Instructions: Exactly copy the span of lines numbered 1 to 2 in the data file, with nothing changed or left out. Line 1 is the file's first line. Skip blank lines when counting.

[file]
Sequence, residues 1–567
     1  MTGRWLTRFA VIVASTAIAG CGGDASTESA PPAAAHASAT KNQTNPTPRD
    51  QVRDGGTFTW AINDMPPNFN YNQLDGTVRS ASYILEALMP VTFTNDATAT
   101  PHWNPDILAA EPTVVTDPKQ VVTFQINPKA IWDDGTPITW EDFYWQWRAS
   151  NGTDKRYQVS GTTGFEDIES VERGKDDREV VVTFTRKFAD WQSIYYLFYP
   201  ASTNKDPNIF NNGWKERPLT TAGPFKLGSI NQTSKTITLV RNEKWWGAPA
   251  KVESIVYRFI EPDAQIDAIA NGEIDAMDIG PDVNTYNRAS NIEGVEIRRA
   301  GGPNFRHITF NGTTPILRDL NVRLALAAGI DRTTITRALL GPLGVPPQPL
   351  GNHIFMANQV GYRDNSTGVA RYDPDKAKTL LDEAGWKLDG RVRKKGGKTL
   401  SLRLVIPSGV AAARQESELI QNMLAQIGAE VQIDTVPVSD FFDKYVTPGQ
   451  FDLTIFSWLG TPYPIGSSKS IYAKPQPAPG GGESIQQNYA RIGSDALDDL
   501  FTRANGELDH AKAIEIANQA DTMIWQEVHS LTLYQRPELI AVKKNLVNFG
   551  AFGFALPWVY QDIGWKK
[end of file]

Sequence, residues 1–567
     1  MTGRWLTRFA VIVASTAIAG CGGDASTESA PPAAAHASAT KNQTNPTPRD